By Ant

Month Two - November

I finally got round to reading the second book from my Book and Brew gift. So, as promised, though much later than you might expect, here is the review.  (You can find the first review here.)


The Book - Rhyming Rings by David Gemmell. 

David Gemmell is one of my favourite authors of all time. His iconic first fantasy novel, Legend, would be my Desert Island Discs book (you’d need something eminently readable to break up all that Shakespeare and the Bible). He also died in 2006. So it was with not a little surprise that I saw a new hardback edition of an apparently new David Gemmell book when I opened November’s Book and Brew package. It was found by his wife, Stella, in his papers - a complete and never-before seen crime thriller, which takes in gritty social realism, the supernatural, and good old police procedural. 


An ambidextrous killer rampages through South London, murdering and raping women with seemingly no M.O. Journalist Jeremy gets near, but is never allowed to cover the story - instead he’s shuffled off to cover apparently psychic old ladies and paraplegic young people. However, his stories and the murders soon intertwine, and Jeremy finds himself dragged into a dark and dangerous world.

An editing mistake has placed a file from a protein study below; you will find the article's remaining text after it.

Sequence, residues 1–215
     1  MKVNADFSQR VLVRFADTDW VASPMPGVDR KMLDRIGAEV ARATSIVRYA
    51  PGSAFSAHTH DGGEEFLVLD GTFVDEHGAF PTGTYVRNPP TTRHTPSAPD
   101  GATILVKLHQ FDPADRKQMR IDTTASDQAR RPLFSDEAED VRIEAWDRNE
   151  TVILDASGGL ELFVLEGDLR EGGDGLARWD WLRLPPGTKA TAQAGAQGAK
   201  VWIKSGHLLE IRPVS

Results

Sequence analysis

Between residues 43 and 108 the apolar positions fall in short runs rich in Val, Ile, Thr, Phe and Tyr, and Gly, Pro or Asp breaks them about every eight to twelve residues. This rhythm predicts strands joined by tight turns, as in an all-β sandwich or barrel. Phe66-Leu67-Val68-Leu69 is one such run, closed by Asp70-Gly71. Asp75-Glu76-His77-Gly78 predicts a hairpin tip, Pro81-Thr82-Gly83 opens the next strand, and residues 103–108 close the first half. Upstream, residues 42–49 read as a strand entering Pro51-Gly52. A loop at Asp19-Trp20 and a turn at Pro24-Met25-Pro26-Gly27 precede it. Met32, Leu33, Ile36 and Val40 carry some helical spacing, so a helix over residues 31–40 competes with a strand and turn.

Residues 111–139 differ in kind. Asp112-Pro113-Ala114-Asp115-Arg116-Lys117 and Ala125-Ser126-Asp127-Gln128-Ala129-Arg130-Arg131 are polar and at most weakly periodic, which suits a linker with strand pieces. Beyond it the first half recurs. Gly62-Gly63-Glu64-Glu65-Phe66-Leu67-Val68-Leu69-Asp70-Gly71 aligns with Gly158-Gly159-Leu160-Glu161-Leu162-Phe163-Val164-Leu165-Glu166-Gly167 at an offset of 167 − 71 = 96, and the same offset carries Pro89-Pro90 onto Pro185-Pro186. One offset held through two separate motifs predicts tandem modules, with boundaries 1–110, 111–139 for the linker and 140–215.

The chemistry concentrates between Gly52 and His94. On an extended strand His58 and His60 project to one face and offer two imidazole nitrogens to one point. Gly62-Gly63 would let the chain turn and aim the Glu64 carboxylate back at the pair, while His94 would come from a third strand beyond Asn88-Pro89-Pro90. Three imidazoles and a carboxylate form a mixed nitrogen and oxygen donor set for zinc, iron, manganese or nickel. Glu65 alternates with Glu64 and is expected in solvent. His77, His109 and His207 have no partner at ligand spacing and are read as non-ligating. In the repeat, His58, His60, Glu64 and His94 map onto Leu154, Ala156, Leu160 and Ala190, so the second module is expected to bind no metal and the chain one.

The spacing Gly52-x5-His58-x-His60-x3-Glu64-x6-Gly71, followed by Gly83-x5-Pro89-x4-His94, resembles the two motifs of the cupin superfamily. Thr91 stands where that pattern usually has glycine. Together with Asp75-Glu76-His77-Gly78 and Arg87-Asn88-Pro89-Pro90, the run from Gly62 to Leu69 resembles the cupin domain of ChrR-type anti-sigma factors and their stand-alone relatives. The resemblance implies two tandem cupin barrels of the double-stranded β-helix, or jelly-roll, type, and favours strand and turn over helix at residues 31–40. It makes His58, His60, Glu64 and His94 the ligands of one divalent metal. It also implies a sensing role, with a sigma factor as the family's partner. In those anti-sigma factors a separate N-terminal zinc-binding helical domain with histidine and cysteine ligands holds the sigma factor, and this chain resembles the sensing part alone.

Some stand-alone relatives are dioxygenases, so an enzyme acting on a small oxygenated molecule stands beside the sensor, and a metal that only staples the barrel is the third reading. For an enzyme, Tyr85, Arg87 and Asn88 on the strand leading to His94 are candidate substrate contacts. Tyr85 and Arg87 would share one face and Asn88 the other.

It’s a sparsely written, and gripping enough read. Gemmell is always good at outlining larger-than-life character with precise yet broad brushstrokes, that give you enough to hang on to, but that never get in the way of the story. They generally veer just the right side of archetype.  Perhaps that’s why this pales somewhat in comparison to his fantasy output. Fantasy is a genre far better suited to holding archetypes. Crime fiction thrives more on specifics. 

This was an early books, presumably written when he was still working as a journalist and as such is not quite as accomplished as his later fantasy works. It’s a little scattershot, jumping here and there, with characters espousing on the state of the nation in a not-too-convincing way. The magical elements - psychics, magical African men - sit uneasily against the social realism that make up the bulk of the story. 

Anyway, I enjoyed reading it, it was gripping enough, and even if the dots didn’t quite join up totally, it reminded me why David Gemmell was and is a favourite author of mine.  

 The Tea - Joe’s Tea Co., Ever-So-English Breakfast.


This is an absolutely delicious tea. Refreshing. Tasty. Simple. Everything you want in an English Breakfast. Nothing more to be said here.